The IOTA Foundation has managed to recover roughly 99 percent of the cryptocurrencies stolen during the January 2018 hack. Dominik Schiener, IOTA co-founder and co-chairman of its board, announced the news in an interview with Reuters, while also providing full disclosure of the crypto tokens taken in the attack.
The company also acknowledged the support of the European law enforcement agency Europol in its efforts to recover the stolen funds. Europol had launched its investigation last year after numerous thefts involving IOTA wallets were reported in Germany.
“From what we know, just a small amount of the 10 million euros has not been found. The exchanges have blocked the hacker’s accounts. He tried to free the money, but he did not succeed,” said IOTA co-founder.
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Last week, a UK national “who had a normal job and is well-educated” was arrested under suspicion of stealing €10 million ($11.34 million) in IOTA tokens. IOTA wallets have been targeted by hackers via websites that offer seed generating services. IOTA network initially reported that its nodes suffered a DDoS attack at the same time of the hack taking place, making it less noticeable to users.
IOTA owners access their tokens using an 81 character-long digital seed, which is similar to a private key, in order to generate the wallet and authenticate passwords. However, IOTA wallets do not actually store its tokens, but only act as a gateway to the technology group’s network, aka the Tangle, on which these tokens are stored.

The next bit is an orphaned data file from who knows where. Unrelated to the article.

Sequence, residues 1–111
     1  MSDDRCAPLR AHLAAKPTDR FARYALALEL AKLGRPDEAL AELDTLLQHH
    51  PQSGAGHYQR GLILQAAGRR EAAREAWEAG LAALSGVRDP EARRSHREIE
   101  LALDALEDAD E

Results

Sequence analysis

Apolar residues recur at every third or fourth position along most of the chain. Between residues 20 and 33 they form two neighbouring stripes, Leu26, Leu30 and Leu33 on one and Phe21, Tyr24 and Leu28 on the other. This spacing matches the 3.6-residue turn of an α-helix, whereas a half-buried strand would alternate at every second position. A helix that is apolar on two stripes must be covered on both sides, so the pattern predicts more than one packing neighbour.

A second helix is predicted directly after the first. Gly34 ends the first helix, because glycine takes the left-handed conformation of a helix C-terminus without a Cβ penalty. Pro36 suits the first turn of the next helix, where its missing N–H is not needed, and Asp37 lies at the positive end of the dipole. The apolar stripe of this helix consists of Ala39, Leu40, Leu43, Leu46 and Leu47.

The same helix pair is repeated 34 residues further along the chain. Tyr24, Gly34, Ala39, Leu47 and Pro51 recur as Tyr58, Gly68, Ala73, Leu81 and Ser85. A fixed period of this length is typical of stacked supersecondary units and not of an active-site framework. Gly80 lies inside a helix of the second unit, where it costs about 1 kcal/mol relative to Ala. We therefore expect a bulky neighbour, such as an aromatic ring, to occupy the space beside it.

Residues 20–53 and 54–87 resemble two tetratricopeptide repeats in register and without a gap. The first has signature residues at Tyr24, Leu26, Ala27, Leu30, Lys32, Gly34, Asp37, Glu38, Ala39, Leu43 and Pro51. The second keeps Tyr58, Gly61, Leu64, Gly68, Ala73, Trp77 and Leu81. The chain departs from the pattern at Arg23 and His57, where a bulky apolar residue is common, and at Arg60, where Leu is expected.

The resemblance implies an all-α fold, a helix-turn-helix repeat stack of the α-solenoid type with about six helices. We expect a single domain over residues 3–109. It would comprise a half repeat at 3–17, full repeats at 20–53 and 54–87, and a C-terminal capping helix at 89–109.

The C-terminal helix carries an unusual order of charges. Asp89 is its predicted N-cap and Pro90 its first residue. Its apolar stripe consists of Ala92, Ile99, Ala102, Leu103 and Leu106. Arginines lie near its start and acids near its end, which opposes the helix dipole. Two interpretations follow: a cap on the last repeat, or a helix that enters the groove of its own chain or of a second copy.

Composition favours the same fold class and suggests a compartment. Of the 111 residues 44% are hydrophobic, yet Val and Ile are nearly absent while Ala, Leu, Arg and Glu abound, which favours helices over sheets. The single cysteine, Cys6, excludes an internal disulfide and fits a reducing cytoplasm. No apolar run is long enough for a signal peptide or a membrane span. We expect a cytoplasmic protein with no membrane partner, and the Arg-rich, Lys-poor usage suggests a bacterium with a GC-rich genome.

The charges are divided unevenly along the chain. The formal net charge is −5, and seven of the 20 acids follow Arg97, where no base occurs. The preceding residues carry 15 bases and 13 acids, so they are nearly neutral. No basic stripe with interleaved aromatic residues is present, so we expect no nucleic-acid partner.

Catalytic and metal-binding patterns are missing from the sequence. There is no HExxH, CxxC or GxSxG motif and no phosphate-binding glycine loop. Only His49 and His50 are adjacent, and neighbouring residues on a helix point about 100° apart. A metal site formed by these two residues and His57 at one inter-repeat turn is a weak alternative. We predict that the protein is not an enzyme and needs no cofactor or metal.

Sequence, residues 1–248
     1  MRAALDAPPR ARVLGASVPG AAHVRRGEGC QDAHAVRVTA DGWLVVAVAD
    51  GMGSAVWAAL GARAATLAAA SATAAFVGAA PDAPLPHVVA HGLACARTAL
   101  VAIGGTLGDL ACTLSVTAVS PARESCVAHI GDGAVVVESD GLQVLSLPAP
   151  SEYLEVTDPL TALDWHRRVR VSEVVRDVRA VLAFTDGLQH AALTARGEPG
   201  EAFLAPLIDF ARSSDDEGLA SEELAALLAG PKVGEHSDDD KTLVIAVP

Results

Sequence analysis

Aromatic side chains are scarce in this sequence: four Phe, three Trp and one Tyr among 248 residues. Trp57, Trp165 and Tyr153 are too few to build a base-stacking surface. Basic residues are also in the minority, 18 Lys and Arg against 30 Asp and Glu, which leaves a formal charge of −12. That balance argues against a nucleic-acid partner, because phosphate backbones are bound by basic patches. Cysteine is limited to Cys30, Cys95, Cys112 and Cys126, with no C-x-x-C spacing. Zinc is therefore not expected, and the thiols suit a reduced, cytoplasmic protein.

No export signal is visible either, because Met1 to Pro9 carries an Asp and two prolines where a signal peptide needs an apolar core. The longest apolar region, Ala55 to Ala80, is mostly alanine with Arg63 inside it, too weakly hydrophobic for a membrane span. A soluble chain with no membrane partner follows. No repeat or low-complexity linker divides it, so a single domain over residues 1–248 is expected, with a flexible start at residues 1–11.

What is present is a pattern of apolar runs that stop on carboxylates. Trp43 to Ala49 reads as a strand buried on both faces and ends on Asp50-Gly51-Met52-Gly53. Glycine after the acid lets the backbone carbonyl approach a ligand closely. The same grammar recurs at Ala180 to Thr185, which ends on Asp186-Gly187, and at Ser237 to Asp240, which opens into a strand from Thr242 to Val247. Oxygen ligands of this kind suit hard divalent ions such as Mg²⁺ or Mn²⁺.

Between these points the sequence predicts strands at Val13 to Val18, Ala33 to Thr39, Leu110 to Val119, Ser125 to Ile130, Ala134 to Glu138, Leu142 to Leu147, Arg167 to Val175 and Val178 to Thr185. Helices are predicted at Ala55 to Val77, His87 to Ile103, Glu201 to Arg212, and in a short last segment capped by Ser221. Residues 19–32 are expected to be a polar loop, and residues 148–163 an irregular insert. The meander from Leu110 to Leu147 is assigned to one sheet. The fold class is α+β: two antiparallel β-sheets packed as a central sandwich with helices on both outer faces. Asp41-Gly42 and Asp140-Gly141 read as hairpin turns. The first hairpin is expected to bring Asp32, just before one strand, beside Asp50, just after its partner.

The 36-year-old hacker operated a random password generator website, iotaseed.io, for around five months. The passwords it generated were, in fact, a predictable series of numbers of which the Oxford-based hacker was able to keep a record. He is now facing extradition to Germany to face trial.
IOTA was launched in 2015 as a cryptocurrency designed to be faster than Bitcoin by using a unique kind of network. The token ranks 14th among the top cryptocurrencies out there, with a market cap of $750 million according to coinmarketcap.com. At one point it even surpassed Ripple, although that particular spike in price was at least partly due to a misunderstanding regarding the company’s relationship with Microsoft.